Tuesday, 18 June, 2024
HomeEditor's PickFeeding peanuts to babies reduces later allergies – long-term UK-US study

Feeding peanuts to babies reduces later allergies – long-term UK-US study

Children who are given peanut products from infancy are significantly less likely to develop peanut allergies by early adolescence, according to a recent study.

The findings, which followed more than 500 participants until the age of 12, confirmed what earlier research has found but tracked the children for longer than most previous work, reports The Washington Post.

Michelle Huffaker, one of the authors of the study (published in NEJM Evidence) and the director of translational medicine at the University of California-San Francisco, said it was “extraordinary” to be able to demonstrate that early exposure to peanuts tied to a lower rate of peanut allergy lasting at least to age 12.

“It was certainly what we’d hoped to see,” she said. Another study, referred to as the LEAP trial, examined children up to the age of five, but “it wasn’t clear that that was necessarily enough time to prove long-term tolerance”, she added.

Many parents remain concerned about giving their babies peanut products and aren’t aware that it is safe and recommended by experts, a study found last year.

In 2017, the American Academy of Paediatrics began advising that high-risk children should be introduced to peanuts as early as four to six months, after the child had been tested for a peanut allergy.

The guideline, adopted after the LEAP trial was published, was a reversal of previous advice, released in 2000, that told parents to avoid peanuts for their babies until at least the age of three.

Health authorities have warned that whole peanuts and chopped peanuts can be choking hazards for infants. But using peanut butter, which can be spread thinly on other food or mixed with breast milk, formula or purées, while peanuts can be finely ground, can reduce the risk, they said

Huffaker said that to expose an infant to peanuts, “there are various options, but plain old peanut butter mixed in warm water can work for a four-month-old – it doesn’t need to be anything fancier than that”.

The researchers on the NEJM Evidence study – led by King’s College London, the University of California-San Francisco and the Children’s Allergy Service at the Guy’s and St Thomas’ NHS Foundation Trust in London – previously examined peanut allergies in children up to age five, again at age six, and then continued following the group for another six years for the latest study.

At about 12, 15.4% of children who had avoided peanuts in infancy to the age of five had developed an allergy, compared with 4.4% who had consumed peanuts.

The numbers are higher than would be expected in the general population because the study examined children who were already at a higher risk of having a peanut allergy, like those with egg allergies or eczema, Huffaker said.

Food allergies among children in the United States doubled from 2000 to 2018. Multiple likely causes include under-exposing children to potentially allergenic substances.

Across various age groups, the rate of peanut allergy prevalence in the US was between 0.6% and 2.6%.

Study details

Follow-up to Adolescence after Early Peanut Introduction for Allergy Prevention

George Du Toit, Michelle Huffaker, Lars Dunaway et al for the Immune Tolerance Network LEAP-Trio Trial Team

Abstract

Background
A randomised trial demonstrated consumption of peanut from infancy to age five prevented the development of peanut allergy. An extension of that trial demonstrated the effect persisted after one year of peanut avoidance. This follow-up trial examined the durability of peanut tolerance at age 144 months after years of ad libitum peanut consumption.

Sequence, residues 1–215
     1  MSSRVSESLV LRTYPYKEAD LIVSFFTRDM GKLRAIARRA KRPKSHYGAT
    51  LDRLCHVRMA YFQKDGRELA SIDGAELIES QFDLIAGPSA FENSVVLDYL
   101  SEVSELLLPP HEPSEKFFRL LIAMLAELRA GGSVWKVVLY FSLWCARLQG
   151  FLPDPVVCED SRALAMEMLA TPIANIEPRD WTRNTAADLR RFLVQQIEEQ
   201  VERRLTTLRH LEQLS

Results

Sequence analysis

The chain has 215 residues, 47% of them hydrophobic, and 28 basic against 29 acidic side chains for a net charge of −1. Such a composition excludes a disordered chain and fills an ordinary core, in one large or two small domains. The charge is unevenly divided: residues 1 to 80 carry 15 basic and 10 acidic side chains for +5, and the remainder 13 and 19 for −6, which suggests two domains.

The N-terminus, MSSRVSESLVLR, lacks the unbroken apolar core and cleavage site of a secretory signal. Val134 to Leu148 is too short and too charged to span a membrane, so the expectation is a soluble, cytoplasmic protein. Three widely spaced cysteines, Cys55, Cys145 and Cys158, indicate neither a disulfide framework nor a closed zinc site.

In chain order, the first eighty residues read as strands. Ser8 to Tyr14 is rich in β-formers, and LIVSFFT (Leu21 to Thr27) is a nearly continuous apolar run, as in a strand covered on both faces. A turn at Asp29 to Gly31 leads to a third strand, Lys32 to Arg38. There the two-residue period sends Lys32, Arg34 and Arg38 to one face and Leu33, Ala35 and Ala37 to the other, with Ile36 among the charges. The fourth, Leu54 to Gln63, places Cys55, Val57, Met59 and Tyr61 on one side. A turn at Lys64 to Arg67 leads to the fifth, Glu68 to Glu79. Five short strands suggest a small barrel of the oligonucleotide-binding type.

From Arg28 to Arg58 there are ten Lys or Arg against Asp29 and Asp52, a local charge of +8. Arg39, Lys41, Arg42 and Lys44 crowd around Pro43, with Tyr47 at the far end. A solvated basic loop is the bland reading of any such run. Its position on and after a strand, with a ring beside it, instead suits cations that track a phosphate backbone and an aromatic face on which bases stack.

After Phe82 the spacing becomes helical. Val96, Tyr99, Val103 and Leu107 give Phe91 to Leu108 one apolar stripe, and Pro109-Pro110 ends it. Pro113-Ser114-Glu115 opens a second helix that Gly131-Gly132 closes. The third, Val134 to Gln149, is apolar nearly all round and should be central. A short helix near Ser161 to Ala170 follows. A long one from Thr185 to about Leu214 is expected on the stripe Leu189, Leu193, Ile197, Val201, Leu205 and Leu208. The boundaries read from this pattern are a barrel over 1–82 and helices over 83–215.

Methods
Participants from a randomised peanut consumption trial were assessed for peanut allergy following an extended period of eating or avoiding peanuts as desired. The primary end point was the rate of peanut allergy at age 144 months.

Results
We enrolled 508 of the original 640 participants (79.4%); 497 had complete primary end point data. At age 144 months, peanut allergy remained significantly more prevalent in participants in the original peanut avoidance group than in the original peanut consumption group (15.4% [38 of 246 participants] vs. 4.4% [11 of 251 participants]; P<0.001). Participants in both groups reported avoiding peanuts for prolonged periods of time between 72 and 144 months. Participants at 144 months in the peanut consumption group had levels of Ara h2-specific immunoglobulin E (a peanut allergen associated with anaphylaxis) of 0.03 ± 3.42 kU/l and levels of peanut-specific immunoglobulin G4 of 535.5 ± 4.98 μg/l, whereas participants in the peanut avoidance group had levels of Ara h2-specific immunoglobulin E of 0.06 ± 11.21 kU/l and levels of peanut-specific immunoglobulin G4 of 209.3 ± 3.84 μg/l. Adverse events were uncommon, and the majority were related to the food challenge.

Conclusions
Peanut consumption, starting in infancy and continuing to five years, provided lasting tolerance to peanut into adolescence irrespective of subsequent peanut consumption, demonstrating that long-term prevention and tolerance can be achieved in food allergy. 

 

NEJM article – Effect of avoidance on peanut allergy after early peanut consumption (Open access)

 

NEJM Evidence article – Follow-up to Adolescence after Early Peanut Introduction for Allergy Prevention (Open access)

 

The Washington Post article – Babies exposed to peanuts less likely to be allergic years later, study says (Restricted access)

 

See more from MedicalBrief archives:

 

Peanut allergies can be reversed – study

 

Peanut allergy breakthrough in US skin patch trial

 

Oral immunotherapy to induce peanut allergy remission in young children – IMPACT trial

 

 

 

 

 

 

 

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